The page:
Flooding the nation with The 5,000 Year Leap

The updated and newly-covered edition of The 5,000 Year Leap is already becoming an item in demand across the nation. Listen to a few paraphrased comments by those who have recently read it:

My son is in Iraq. Before he left, I gave him a copy of The 5,000 Year Leap . He read it and told me while in Iraq that he was so thankful for receiving this book because it helped him analyze the many different philosophies that one is exposed to sometimes in the army. He said it helped give him balance in his thinking about freedom and responsibility.

- from a recent phone call to NCCS from a soldier's mother

This book should be required reading in every high school in the nation.

- from a high school teacher in the Midwest

I have carefully evaluated several Constitutional study courses available on the market. The DVD course on The 5,000 Year Leap published by NCCS is by far the best course I have found. Anyone who wants to understand America's Freedom Formula from its foundation should take this course, especially now that it has become much more affordable.

- from a citizen in Pennsylvania

The 5,000 Year Leap presented to state legislators

During the past few weeks, nearly every state legislator in the state of Arizona, Idaho, and Utah, and a significant number of legislators in Pennsylvania, Georgia, and a few other states, has each received a personal copy of The 5,000 Year Leap. This writer's class of high school seniors took on a special project last week and hand-wrote a personal note in each of several copies. We then spent the day at the state capitol where we attended committee hearings, visited with some legislators, and delivered our copies of the book to them. We were sitting in the gallery of the House of Representatives at its afternoon session, where all 60 members were in attendance, and were introduced as visitors in the gallery by a Representative friend. After introducing us, he picked up his copy of The 5,000 Year Leap and said, "Each of you is receiving a complementary copy of this book today. I do not know of a better, more readable book to help explain the simple principles of freedom than this book will do." He then read a short passage from the book and again recommended it to his colleagues. We all felt like we had accomplished an important first step. We then stayed to listen to a debate over a bill that was quite heated and my students looked at me as if to say, "The answer is in the book!"

Here is a sampling of comments written by my senior students in the front cover of The 5,000 Year Leap given to each legislator.

"Dear Representative _____________

"As a graduating senior this year, I was able to study these principles of freedom in my government class. I have greatly enjoyed studying these ideas which have come from our Founding Fathers' writings. It is amazing how well our Founders ideas still work to solve today's problems. One of my favorite quotes is on page 290. Benjamin Franklin states, 'Think what you do when you run in debt; you give to another power over your liberty.' This is a wonderful book."

"Dear Senator _________

"This past year I have thoroughly read and studied this book. There are many great principles given that are often forgotten. One that stands out in my mind states: 'The proper role of government is to protect equal rights not provide equal things.' (p. 115) It seems as though the Founders had answers to everything. For example, during their days it was very popular in other countries to proclaim that the role of government was to take from the 'haves' and give to the 'have nots' so that all might be truly 'equal.' However, the American Founders perceived that this proposition contained a huge fallacy. (See page 115 to find what it was). I hope you will read this book and share it with others."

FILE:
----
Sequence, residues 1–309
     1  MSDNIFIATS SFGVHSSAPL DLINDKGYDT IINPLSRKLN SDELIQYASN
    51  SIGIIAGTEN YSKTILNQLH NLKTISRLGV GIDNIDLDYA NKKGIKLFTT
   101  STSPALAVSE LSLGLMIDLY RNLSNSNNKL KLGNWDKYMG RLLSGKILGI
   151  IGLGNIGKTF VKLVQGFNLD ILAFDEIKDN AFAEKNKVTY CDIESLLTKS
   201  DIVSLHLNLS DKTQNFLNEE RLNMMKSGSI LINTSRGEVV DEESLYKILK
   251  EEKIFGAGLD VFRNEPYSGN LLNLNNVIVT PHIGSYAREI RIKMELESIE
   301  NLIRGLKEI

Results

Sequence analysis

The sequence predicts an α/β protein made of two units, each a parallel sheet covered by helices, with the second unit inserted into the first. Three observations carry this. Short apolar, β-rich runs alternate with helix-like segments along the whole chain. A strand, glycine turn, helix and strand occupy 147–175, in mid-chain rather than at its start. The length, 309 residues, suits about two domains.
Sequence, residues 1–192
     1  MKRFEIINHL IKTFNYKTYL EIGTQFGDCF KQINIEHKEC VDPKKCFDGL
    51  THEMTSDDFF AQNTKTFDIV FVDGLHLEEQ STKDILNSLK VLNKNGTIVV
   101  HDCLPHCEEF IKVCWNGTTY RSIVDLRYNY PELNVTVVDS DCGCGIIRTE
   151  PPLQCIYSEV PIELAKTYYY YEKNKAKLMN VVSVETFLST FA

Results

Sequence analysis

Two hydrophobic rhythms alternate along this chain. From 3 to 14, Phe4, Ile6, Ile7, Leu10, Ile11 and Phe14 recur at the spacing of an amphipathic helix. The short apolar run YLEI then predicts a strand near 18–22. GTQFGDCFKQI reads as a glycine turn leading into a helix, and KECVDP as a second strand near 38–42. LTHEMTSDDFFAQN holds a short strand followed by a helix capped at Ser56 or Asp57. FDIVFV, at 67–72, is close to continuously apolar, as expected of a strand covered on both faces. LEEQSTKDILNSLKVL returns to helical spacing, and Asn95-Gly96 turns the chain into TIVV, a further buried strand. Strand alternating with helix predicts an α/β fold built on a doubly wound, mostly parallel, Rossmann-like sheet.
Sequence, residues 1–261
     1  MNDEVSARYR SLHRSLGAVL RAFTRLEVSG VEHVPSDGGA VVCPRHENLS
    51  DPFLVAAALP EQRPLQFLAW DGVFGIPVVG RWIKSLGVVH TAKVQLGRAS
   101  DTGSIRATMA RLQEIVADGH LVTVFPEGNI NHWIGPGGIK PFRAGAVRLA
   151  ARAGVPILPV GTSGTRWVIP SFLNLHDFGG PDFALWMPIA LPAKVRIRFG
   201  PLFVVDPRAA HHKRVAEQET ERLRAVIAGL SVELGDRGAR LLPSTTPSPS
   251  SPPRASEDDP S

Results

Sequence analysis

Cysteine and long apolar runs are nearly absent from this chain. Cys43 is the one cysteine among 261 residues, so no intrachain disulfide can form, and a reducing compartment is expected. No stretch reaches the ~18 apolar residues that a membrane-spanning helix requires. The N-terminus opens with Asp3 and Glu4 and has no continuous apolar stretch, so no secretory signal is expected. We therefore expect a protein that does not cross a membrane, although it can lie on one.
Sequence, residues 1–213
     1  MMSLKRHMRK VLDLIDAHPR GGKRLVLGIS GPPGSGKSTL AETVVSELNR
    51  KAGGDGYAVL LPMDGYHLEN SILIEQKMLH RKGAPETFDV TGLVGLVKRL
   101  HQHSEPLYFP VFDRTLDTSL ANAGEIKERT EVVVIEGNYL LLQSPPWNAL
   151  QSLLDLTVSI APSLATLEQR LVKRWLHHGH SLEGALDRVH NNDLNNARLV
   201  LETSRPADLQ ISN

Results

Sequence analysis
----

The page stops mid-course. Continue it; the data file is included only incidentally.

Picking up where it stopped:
"Dear Representative _______________

"'Nothing is of more importance for the public weal than to form and train up youth in wisdom and virtue. Wise and good men are, in my opinion, the strength of the state, more so than riches or arms..' (p. 55) I know these ideas in this quote by Benjamin Franklin are essential in sustaining our freedom. I wholeheartedly agree with Franklin, for from virtuous and respectable individuals comes wise decisions. I hope you will read this book and come to agree with and sustain the essential principles for freedom that are explained herein."

"Dear Representative _______________

"I am a graduating senior this year. Last semester, we studied this book as part of our government course. As I read quotes from the Founders in this book, I began to understand more fully the proper role of government. I strongly encourage you to read it. I've been amazed at how many simple answers the Founders had for today's problems. I would like to refer you to the quote from James Madison on page 54; it really impacted my view of our nation and government. Thank you for your time and for all your hard work in behalf of our state."

As I see my students take to heart the message of the Founders, I cannot help but agree with George Washington:

"A primary object.should be the education of our youth in the science of government. In a republic, what species of knowledge can be equally important? And what duty more pressing.than communicating it to those who are to be the future guardians of the liberties of the country?"

I once had the sad thought that it is too bad Dr. Skousen could not be here to observe the fruits of his many years of pioneering labor; but then, I have thought many times since that he probably already knows, and no doubt, from a much broader prospective. I can just hear him say, "If we do our part, in the end, we win!"

Sincerely,

Earl Taylor, Jr.

PS This month we are completing two more items for help in spreading this message. First, a card containing the 28 Principles of Liberty will be reprinted. It is something you can easily hand to anyone you meet. Secondly, The 5,000 Year Leap will be ready in audio format, both in an 8-disk CD and in a one-disk MP3 format. We will let you know when these resources are available.